To me, one of the most moving aspects of the Easter Triduum that accompanies and accentuates the sublime celebration of the Paschal Mystery has always been the dramatic changes that happen in the interior of the church. After the conclusion of the Holy Thursday liturgy, the Blessed Sacrament is reposed in a different location, leaving the main tabernacle empty. Quite often thereafter, linens, candles and other items are removed. When entering the church for the Liturgy of Good Friday and seeing the dark, empty tabernacle, I always experience a deep sense of emptiness that drives home the emphasis of the Lord’s death for our salvation. But shortly thereafter, on Holy Saturday, the Light of the World re-enters our darkened world after rising from the domain of death. The tabernacle remains empty until after Communion when the Risen Lord is once again reposed and is present for his people. If you’ve ever been able to attend the dedication of a new church building or chapel, a similar experience occurs when the tabernacle remains empty until the Eucharist is consecrated for the first time in the new place at the dedication Mass, and when reposed after Communion, the Lord’s Real Presence dwells there.

The tabernacle in each church building serves various functions. As a repository for the Real Presence of Jesus Christ in the Eucharist, a treasure worth more than any amount, it’s often constructed with costly metals and may be adorned with jewels, like at our Cathedral Basilica. For the protection of such a priceless treasure as the Eucharist, the tabernacle is locked. But despite being secured, it is accessible for Mass, for Communion to the sick, and for reserving the Eucharist for Adoration. Most importantly, though, it is the physical dwelling place where the Lord is always present to his people.

The dwelling place of the Real Presence of Jesus is sufficient enough to define the tabernacle, but to understand more about its role we have to look to the Old Testament, the 24th and 25th chapters of the book of Exodus. Moses and the Israelites have just arrived at Mount Sinai. The Lord God makes himself manifest to his chosen people (whom he had just delivered from slavery), with flashes of lightning, billowing smoke and peals of thunder. But Moses was to lead the people to the Promised Land, and the Lord desired to accompany them by being present in the Ark of the Covenant. In these chapters from Exodus, construction plans are given for the ark and for various other elements of the Lord’s dwelling. The ark was to be made of acacia wood, have every surface covered in gold, and was to be adorned with angels. In later chapters, after the construction was complete, the Lord descended to his dwelling place in the form of the glory cloud, the Shekinah. It was here that bread was placed in the Lord’s presence in sacrifice and was only able to be eaten by the priests, an early prefiguring of the Eucharist. Later in salvation history, Solomon built the Temple in Jerusalem and the Lord dwelt there in the Holy of Holies, an area separated by a large veil. Sacrifices were offered to the Lord day and night.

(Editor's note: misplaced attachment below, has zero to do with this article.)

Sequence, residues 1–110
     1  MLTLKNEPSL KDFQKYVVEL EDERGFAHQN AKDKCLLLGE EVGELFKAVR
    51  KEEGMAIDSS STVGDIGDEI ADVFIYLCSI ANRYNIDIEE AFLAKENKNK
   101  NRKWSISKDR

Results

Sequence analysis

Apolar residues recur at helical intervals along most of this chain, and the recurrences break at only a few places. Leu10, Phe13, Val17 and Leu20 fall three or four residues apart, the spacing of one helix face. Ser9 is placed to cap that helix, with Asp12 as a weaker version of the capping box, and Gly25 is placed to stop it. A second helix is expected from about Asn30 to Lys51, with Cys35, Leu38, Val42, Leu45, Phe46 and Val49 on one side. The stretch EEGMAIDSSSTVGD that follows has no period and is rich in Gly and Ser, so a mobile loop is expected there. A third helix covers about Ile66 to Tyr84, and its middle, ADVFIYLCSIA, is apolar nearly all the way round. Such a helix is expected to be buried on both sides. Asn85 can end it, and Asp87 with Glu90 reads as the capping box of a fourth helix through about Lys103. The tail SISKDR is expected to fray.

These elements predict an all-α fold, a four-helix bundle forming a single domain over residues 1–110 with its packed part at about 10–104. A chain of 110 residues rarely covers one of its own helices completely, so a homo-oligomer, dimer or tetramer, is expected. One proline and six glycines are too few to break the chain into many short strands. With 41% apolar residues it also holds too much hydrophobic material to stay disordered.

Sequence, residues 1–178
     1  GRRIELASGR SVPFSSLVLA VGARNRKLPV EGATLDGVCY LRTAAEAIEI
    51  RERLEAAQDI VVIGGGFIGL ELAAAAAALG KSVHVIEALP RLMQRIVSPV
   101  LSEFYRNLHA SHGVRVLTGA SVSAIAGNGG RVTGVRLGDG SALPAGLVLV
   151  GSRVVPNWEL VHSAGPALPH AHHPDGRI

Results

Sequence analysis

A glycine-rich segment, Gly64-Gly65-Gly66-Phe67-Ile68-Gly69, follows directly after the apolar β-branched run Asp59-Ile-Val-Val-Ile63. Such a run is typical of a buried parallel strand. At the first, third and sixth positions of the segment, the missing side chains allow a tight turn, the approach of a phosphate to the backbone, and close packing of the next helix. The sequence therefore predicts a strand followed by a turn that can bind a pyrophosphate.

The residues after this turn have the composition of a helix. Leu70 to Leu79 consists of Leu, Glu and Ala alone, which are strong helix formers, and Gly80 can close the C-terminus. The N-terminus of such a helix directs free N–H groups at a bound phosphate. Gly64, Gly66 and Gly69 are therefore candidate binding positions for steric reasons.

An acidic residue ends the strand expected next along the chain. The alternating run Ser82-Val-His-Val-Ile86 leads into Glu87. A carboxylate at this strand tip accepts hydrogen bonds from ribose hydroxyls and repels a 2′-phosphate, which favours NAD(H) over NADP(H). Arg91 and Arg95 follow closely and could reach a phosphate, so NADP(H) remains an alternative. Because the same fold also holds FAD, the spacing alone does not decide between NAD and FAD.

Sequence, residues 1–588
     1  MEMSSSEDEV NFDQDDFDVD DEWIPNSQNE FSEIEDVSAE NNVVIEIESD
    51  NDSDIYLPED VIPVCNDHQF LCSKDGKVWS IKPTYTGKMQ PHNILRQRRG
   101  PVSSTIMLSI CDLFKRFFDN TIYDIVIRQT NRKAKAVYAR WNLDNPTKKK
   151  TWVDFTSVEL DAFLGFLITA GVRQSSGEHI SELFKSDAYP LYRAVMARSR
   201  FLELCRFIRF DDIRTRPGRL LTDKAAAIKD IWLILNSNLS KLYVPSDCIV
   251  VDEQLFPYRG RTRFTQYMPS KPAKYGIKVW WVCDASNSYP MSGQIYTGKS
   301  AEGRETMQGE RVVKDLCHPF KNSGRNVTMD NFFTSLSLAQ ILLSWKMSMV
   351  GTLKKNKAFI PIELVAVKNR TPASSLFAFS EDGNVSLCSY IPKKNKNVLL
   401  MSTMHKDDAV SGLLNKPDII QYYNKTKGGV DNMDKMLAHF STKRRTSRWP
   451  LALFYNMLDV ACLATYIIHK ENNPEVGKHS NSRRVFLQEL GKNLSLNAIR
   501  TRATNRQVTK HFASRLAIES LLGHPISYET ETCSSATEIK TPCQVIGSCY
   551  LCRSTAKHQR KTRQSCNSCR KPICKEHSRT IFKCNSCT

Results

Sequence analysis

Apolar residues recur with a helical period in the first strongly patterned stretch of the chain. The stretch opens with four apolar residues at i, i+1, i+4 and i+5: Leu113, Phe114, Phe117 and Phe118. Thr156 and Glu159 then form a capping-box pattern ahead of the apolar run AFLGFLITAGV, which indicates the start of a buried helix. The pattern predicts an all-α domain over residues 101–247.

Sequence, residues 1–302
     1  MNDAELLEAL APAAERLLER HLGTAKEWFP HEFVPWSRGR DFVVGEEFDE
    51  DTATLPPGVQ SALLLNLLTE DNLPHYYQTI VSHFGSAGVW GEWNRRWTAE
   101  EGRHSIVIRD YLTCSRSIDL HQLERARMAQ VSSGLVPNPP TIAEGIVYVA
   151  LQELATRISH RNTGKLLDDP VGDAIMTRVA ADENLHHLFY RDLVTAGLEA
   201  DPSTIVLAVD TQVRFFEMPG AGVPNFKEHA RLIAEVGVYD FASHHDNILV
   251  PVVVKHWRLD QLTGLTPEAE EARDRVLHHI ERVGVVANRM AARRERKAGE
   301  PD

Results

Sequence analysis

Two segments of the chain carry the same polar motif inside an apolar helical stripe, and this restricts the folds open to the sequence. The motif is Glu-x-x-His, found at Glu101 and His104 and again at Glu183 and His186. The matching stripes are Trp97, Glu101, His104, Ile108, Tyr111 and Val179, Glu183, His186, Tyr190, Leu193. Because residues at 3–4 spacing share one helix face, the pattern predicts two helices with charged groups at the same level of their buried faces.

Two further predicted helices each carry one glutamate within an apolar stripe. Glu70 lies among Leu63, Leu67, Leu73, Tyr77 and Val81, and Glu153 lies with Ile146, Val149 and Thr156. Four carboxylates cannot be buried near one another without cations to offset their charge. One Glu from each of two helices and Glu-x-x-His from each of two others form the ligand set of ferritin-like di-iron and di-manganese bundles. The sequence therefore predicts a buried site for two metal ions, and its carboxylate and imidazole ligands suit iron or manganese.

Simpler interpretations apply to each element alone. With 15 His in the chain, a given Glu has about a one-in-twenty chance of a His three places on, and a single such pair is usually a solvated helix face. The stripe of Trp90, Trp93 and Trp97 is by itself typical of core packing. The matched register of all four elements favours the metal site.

It was important for the people of every generation to know of the Lord’s presence among them. But also, the Meeting Tent was where Moses met with the Lord panim-al-panim … that is, face to face. No one else had such an intimate friendship with the Lord to be able to meet him face to face, only Moses, the people’s intercessor. One element of Moses’ interactions with God that has always fascinated me is the fact that Moses’ face became radiant from being in the Lord’s presence — so much so, that it frightened the people and he was forced to wear a veil.

Despite the many years that have passed since the time of Moses, several things are still the same. First, the Lord still desires to be present to us and to accompany us on this journey through life, and as such, is still very present to us in the most holy Eucharist. Veiled in the outward appearances of bread and wine, Jesus Christ becomes present to his people at each and every Mass. Second, as in the Old Testament, the Lord’s dwelling is still a sacred vessel (the tabernacle) made of precious elements and centrally located in many churches. The sanctuary lamp, a specific and conspicuously placed candle, denotes the presence of the Lord. Finally, like Moses, any amount of encounter with the Lord reserved in the tabernacle (or especially during Eucharistic Adoration) leaves a radiance within our souls. Our faces may not glow as Moses’ did, but our hearts, our minds and our actions cannot help but radiate Christ to the world if we continually place ourselves before the Lord, face to face.